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Lightarrow

Somewhere the Earth has lost half its mass, one of those dreaded LHC blackholes ?
:)Yes, you are right! The result is correct because I computed with the right value, 6*1024 kg, but then, dividing for Sun's mass, a number 3 remained "attached" in my memory. Bad RAM  :)
 

Offline yor_on

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Don't spank your computer.
Spank your ram.

 

Offline lightarrow

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Don't spank your computer.
Spank your ram.


I thought the meaning was that one... :)
 

Offline syhprum

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Soulsurfer

"but the centre of gravity of the earth moon system is above the surface of the earth"
I believe this is not correct.
 

lyner

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Soulsurfer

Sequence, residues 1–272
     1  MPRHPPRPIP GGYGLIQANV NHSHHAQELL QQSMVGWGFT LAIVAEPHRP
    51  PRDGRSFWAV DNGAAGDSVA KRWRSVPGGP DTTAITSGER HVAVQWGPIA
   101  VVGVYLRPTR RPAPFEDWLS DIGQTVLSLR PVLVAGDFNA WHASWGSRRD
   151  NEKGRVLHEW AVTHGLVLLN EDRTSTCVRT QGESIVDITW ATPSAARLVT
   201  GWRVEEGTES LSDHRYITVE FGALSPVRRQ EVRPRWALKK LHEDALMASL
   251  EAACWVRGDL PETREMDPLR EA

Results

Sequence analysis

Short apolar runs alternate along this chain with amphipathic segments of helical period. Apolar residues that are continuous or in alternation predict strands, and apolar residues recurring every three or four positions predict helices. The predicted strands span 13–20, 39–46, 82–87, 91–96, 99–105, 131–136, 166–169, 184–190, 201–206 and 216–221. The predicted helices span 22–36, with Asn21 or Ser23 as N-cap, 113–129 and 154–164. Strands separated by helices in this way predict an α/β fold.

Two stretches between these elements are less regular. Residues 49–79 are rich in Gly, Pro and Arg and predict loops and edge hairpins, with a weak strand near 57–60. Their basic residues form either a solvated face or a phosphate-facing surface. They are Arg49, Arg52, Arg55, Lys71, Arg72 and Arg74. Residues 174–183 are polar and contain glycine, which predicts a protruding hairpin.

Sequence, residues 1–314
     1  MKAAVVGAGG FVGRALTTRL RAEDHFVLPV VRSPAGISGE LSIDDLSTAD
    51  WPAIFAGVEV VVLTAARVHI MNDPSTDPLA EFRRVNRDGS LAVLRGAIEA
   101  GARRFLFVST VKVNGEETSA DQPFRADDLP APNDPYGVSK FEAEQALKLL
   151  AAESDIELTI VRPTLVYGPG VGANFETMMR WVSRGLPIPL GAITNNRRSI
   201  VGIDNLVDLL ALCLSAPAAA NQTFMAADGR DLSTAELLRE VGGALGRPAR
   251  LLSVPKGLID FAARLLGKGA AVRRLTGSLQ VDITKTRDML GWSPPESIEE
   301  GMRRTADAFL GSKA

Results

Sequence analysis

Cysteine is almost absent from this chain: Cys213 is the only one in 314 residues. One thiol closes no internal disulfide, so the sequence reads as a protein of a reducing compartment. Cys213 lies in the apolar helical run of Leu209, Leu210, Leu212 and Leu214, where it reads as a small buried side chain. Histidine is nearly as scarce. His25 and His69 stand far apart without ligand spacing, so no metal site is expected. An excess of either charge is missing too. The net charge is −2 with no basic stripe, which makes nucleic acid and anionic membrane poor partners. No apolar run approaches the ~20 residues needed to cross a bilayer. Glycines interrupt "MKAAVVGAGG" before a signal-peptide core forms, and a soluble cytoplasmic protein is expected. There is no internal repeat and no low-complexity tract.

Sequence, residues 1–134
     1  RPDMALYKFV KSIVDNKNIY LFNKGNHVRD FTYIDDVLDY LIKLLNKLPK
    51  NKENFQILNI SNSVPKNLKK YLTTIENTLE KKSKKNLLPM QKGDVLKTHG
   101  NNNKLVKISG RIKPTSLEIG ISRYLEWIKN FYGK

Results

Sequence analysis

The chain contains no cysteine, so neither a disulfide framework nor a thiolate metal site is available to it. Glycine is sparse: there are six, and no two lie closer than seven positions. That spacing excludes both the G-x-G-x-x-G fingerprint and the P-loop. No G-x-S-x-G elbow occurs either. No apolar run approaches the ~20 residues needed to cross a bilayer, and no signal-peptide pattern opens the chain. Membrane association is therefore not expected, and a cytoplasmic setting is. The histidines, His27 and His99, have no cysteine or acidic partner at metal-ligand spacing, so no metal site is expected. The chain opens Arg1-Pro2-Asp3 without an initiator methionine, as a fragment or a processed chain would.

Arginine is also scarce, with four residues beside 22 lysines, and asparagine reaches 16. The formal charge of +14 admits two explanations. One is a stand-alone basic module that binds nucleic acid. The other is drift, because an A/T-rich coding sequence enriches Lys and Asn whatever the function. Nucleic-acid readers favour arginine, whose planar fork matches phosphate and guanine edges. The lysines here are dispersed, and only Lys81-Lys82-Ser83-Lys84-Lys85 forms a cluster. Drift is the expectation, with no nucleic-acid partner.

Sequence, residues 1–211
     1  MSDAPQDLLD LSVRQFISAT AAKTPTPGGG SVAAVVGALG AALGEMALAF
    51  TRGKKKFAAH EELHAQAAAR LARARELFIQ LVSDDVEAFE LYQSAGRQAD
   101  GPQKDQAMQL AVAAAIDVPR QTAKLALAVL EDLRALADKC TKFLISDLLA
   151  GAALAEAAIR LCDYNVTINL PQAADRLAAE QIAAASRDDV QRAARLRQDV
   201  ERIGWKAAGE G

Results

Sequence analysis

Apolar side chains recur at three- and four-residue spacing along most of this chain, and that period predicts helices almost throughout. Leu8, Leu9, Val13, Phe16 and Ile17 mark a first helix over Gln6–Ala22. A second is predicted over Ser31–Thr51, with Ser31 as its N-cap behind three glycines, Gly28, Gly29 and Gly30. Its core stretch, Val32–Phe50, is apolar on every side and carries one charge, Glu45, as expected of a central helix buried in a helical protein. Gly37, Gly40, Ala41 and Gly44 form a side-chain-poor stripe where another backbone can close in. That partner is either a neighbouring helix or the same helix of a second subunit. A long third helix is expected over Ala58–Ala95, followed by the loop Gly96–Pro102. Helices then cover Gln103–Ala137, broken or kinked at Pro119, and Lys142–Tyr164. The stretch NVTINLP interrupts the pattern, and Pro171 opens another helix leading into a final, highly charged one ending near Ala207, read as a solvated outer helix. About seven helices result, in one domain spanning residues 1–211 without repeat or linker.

"but the centre of gravity of the earth moon system is above the surface of the earth"
I believe this is not correct.
That is correct.
i.e. that that is not correct
i.e. you are correct

i.e the cm is below the surface
 

lyner

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No it is not in the case of the earth sun system only but the centre of gravity of the earth moon system is above the surface of the earth.  The moon's orbit is also always concave with respect to the sun so the earth moon system could well be considered to be a double planet

What do you mean "concave"? Do you mean there are cusps?
 

Offline Soul Surfer

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if you plot the moons orbit with respect to the sun (not the earth) it follows a wavy curved line close to the earth.  the curvature with respect to the sun varies but it is always concave and never convex
 

lyner

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Unless it has cusps, how can it be 'concave' but not circular? Is there a picture of what you say?